It’s hard to believe that we’re quickly nearing the end of this very special pregnancy. I think back to last fall, when my eyes kept adjusting to the pink lines on the home pregnancy tests (I took 2, remember?). In shock, all I could think was, are you kidding?!? I have more than enough “life” on my plate already! Working as an entrepreneur, being a wife and a mom of 2, caring for dad in our home, volunteering . . . AND I’m knocking on 47! Continue reading
Ever since sharing our surprise pregnancy at age 47, my hubby and I have received quite an assortment of reactions.
He has his own stories of responses from guys (let’s just say they involve a lot of high-fives). For me, reactions from women have varied but ultimately fall into 1 of 4 categories:
1. “Wow. Just, wow. Oh, and congrats!” (A shock-awe-and-happiness combo.)
2. “Better you than me.” (I can’t blame them but, quite honestly, it’s the hardest to hear and feels the least kind.)
3. “I’m calling my doctor to be sure I’M okay.” (Understandable, as they’re prompted to reassess if their own birth control methods are, ahem, in order.)
And then there’s a 4th reaction, and it’s been quite prevalent. But, it’s the one I did not see coming and did not anticipate would warm my heart the most:
“You’re giving me/my loved one/my friend hope.”
Those words, shared by more women than I can count, have made me pause every time.
See, before this pregnancy, I wrongfully assumed that 99% of women in my age range were like me: simply not even thinking of having kids anymore. At my age, a lot of women are already planning for empty nests, caring for elderly loved ones, and kicking up retirement planning a whole notch or two. Quite often, these rites of passage come up in conversations in our kitchens, on the phone, in Facebook groups.
New babies for my age group? Not as hot a topic as when I was in my 20s and 30s.
Case in point: The other day I realized there’s literally no one I nor my hubby know who’s been in our current situation—specifically, someone who’s working, raising school-age kids, caring for an elderly relative in their home each day, AND expecting a baby at our age. No one we can call to ask, “How did you DO IT?!?” We know we cannot possibly be the first folks ever in this situation. We just don’t know anyone personally. (If you do, we’d be grateful if you refer us.)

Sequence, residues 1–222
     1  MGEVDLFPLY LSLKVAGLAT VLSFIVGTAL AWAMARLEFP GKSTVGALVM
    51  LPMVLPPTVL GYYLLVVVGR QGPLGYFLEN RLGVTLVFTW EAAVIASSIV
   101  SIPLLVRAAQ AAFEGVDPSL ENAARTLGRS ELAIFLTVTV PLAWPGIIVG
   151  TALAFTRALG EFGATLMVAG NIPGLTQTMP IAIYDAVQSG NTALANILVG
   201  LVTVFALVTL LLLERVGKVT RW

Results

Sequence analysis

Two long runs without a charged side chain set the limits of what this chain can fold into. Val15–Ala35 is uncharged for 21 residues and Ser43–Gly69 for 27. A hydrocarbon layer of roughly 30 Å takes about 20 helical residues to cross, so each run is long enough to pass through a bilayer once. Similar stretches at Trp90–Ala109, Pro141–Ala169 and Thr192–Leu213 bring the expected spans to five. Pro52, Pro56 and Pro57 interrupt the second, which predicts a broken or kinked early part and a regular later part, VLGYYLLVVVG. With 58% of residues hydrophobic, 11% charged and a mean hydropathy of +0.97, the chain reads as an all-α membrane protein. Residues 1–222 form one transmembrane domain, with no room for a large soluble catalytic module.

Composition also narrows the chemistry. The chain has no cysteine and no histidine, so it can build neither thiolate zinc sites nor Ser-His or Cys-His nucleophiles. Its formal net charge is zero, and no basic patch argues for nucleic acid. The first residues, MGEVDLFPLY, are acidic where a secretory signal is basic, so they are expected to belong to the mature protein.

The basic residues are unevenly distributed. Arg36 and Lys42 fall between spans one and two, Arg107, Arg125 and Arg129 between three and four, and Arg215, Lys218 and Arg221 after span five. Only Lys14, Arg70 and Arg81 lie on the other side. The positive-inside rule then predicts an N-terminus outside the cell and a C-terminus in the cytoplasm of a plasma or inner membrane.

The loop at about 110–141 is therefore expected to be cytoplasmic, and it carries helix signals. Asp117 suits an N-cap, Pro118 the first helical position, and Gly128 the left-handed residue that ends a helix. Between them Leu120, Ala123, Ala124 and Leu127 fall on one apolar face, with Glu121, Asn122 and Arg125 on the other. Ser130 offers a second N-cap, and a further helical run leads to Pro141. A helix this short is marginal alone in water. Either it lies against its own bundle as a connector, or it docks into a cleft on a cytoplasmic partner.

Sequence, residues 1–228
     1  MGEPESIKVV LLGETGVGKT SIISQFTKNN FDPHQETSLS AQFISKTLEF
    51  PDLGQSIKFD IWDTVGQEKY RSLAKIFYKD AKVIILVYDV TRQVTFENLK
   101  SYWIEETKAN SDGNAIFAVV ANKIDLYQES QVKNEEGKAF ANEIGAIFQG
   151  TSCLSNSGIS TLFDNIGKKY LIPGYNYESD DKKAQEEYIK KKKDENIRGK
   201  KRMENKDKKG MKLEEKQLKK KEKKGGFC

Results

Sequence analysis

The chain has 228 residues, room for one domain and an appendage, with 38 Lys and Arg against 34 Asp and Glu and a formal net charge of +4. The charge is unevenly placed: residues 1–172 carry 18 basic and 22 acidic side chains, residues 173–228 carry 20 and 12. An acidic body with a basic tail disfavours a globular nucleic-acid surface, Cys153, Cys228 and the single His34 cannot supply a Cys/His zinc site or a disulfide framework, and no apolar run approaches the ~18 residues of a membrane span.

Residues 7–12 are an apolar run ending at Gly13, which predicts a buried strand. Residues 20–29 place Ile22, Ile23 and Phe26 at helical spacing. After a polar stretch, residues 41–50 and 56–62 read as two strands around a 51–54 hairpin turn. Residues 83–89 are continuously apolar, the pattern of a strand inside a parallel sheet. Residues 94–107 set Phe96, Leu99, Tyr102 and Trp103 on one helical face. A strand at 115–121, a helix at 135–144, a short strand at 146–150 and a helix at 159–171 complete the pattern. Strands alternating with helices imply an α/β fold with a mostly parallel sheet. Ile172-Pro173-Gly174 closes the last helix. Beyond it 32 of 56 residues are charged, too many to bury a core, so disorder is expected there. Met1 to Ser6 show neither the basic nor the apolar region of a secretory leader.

So, this 4th reaction from so many women has been wonderfully surprising for me, both generally speaking and given my own journey. Not only has it debunked my assumptions, but it also has stretched my gratitude for . . .
. . . being a hopeful chapter in many other women’s stories. Becoming an unexpected source of encouragement for others who persist on the journey to motherhood is humbling. And so is learning that they’re now praying for my health and a safe delivery.
. . . the reminder not to take blessings for granted. Like, a fiercely devoted husband who tells and shows me he loves me every day. Two healthy kids with quick minds, caring hearts and willing hands to help us love a new baby. And, yes, a new bundle of joy who happily dances in my tummy.
. . . the gift of a whole new tribe—women with renewed hope in the possibility of everyday miracles. Their hope, in turn, revives my own faith in God’s power to create odd-defying miracles in our lives each day.
I never expected to be pregnant at 47. I never expected to give others hope in the process. And, I never expected to be surrounded by so many prayers as a result. But, man, oh man, am I grateful for it all.
How have you grown because of the unexpected reactions of others?
My hubby and I are ardent planners. Over the last 19 years, we’ve come to value having a roadmap for our journey together. Buying a one-story home we can easily maneuver later in our golden years? Yep. Having two kids, 3 years apart so “they could play together?” Uh-huh. Career moves that let us balance work and family time? Check-check.
But, are we also learning flexibility because plans can change in a split second? You bet. My mom’s sudden death. My brother’s bout with cancer. Moving my dad in with us after a fall in his home. And so, so much more. We get it. Continue reading
Granny Sykes was a hoot.
Born in 1905 in North Carolina, Effie Burt moved to Virginia as a young woman. She met and married my grandfather, David Sykes. Some years after he died, Granny Sykes moved in with our family when I was about 13 years old. My parents cared for her until she passed away at age 96 after a brief illness, the day before my 31st birthday.
Granny Sykes was strong physically and cognitively. Read her Bible daily. Made the best bread rolls in the world. Completely unafraid of snakes, yet she jumped when she saw a frog on the ground. Said with her Southern touch, “Toady frogs can jump on you. A snake cain’t do that.” She’d actually chase down snakes. Even nabbed one that ventured to our front doorstep one summer morning. She was about 80 years old at the time. And the snake was longer than our garden hoe. Continue reading